Join us for light refreshments and a discussion of Fair Use of copyrighted works in research, teaching, and publishing from a variety of perspectives: visual arts, publishing, legal practice, scientific research and teaching, and graduate student theses and dissertations. Virginia Tech.

Author
James Creekmore, Janice Austin, Deborah Good, Peter Potter, Bailey Van Hook, Lisa Becksford
Organization
Virginia Tech

Celebrate Fair Use/Fair Dealing Week with the Copyright Discussion Group!

The University of Maryland Libraries’ Copyright Discussion Group will celebrate Fair Use/Fair Dealing Week Tuesday, February 21 at 2pm in the Engineering and Physical Sciences Library’s PSL Mulitpurpose Room by hosting an ACRL Presents webcast called “Using Fair Use to Preserve and Share Disappearing Government Information: A Guide for Rogue Librarians” followed by presentations by three guest speakers, Amy Ginther from Project NEThics, our colleague Joseph Koivisto, and Adam Kriesberg from the iSchool. The webinar will be from 2-3pm, the guest speakers will talk from 3-3:30pm, and we have the room until 4pm so we’ll be encouraging people to stick around until then to chat. This event is open to the public.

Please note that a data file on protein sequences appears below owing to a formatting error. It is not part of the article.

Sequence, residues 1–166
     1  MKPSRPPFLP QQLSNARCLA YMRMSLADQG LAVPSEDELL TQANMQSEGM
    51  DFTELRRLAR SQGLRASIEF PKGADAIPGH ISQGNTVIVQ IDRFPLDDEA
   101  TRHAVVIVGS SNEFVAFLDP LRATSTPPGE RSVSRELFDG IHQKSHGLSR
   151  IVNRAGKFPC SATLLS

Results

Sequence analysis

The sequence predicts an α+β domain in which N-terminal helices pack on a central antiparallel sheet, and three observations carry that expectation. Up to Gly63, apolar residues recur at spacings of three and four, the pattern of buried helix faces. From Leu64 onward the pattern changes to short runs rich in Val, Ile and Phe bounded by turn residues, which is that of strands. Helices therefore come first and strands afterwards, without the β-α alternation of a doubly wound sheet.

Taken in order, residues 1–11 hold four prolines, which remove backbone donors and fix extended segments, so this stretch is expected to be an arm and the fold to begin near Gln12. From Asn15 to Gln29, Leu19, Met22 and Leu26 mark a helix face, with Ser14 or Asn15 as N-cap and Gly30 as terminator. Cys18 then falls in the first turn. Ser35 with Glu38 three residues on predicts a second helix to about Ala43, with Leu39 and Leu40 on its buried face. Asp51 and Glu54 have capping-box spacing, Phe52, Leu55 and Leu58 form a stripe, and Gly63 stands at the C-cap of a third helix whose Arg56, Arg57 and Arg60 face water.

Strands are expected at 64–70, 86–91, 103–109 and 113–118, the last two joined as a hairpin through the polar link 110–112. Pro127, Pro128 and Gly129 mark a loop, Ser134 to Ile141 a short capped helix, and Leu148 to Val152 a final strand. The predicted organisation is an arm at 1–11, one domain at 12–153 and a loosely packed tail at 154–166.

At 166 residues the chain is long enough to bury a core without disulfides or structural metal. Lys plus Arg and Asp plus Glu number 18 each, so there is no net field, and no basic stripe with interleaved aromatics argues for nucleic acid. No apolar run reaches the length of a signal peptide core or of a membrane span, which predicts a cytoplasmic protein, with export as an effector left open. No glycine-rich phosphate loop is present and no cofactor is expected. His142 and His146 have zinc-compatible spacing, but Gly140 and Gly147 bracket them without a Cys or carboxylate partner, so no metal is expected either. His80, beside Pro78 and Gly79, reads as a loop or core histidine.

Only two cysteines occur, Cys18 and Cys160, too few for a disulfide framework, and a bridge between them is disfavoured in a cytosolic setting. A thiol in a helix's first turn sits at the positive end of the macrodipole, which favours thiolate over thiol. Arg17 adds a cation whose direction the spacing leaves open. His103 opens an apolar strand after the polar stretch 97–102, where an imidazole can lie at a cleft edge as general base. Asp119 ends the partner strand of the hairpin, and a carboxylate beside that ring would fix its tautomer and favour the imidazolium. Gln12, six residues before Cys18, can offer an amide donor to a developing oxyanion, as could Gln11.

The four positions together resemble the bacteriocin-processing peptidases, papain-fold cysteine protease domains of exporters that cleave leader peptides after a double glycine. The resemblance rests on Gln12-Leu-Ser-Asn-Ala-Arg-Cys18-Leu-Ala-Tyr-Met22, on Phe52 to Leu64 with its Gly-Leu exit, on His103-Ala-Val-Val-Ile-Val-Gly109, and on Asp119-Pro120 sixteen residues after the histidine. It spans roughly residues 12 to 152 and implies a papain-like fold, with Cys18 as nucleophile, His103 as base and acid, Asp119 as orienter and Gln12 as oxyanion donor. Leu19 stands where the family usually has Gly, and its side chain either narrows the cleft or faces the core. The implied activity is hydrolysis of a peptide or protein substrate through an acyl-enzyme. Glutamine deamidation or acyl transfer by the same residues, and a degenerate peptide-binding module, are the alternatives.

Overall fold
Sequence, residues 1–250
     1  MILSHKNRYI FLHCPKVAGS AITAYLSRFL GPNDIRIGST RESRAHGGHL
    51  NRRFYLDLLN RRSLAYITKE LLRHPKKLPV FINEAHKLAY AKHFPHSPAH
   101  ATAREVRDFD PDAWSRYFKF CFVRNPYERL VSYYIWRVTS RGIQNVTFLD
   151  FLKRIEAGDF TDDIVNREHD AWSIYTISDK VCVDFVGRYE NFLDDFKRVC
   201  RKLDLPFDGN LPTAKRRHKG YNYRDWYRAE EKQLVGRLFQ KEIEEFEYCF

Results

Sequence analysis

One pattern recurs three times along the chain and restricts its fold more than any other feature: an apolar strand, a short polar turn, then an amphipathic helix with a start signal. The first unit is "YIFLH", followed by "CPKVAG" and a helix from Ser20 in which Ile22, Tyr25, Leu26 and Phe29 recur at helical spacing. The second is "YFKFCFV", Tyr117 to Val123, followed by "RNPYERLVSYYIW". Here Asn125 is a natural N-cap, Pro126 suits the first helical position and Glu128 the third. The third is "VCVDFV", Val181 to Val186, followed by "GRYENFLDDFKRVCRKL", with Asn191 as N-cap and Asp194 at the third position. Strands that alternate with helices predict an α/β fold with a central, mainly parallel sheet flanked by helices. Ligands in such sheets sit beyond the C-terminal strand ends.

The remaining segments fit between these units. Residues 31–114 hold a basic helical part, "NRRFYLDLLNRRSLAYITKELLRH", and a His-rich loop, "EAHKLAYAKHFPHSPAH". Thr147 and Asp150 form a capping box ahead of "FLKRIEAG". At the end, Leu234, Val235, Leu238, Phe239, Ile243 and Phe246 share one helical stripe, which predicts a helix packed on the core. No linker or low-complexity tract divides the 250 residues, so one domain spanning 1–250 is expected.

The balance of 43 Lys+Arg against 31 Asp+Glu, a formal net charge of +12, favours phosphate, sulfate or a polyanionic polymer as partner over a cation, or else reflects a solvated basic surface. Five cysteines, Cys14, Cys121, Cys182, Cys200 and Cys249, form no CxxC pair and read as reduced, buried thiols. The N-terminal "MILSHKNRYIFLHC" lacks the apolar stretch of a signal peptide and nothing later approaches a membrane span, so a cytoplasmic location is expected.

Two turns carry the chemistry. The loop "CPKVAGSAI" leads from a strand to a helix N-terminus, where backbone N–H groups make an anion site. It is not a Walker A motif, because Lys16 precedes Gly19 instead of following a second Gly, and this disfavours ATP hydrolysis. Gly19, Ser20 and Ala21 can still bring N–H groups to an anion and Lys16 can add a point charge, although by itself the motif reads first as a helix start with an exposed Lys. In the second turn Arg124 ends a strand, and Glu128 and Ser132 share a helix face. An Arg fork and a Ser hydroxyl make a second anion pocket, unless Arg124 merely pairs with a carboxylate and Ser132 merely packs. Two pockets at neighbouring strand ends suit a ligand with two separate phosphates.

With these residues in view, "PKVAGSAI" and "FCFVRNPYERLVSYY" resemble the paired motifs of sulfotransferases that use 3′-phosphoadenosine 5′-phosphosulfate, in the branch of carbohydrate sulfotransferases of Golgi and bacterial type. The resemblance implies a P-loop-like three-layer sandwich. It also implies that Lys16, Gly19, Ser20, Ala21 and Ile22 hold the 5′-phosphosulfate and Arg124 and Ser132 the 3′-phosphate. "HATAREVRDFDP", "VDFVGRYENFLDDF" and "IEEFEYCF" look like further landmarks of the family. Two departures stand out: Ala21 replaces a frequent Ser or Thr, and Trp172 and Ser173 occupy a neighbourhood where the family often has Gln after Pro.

GUEST SPEAKERS:

Amy Ginther, IT Specialist with Security/Project NEThics in the Division of Information Technology, will discuss the process through which the university, as an online service provider, claims safe harbor from copyright infringement liability. She will also mention additional ways in which Project NEThics, the group charged with promoting the responsible use of information technology through user education and policy enforcement, addresses intellectual property issues.

Joseph Koivisto, one of our Systems Librarians, who deals with Consortial Libraries Applications Support, is attending a DataRescueDC event February 18th-19th to help archive and describe digital research data funded and hosted by federal research agencies. He will share his experience at the event and some of his expertise with archiving data.

Adam Kriesberg, a Post-Doctoral Scholar at Maryland’s iSchool, works on projects related to agricultural data curation. He also is attending the Saving Data Event happening this weekend and will share some insights into that event and his own experience with archiving government data.

Author
Andy Horbal
Organization
University of Maryland

The Fair Use Factors: Their History and Application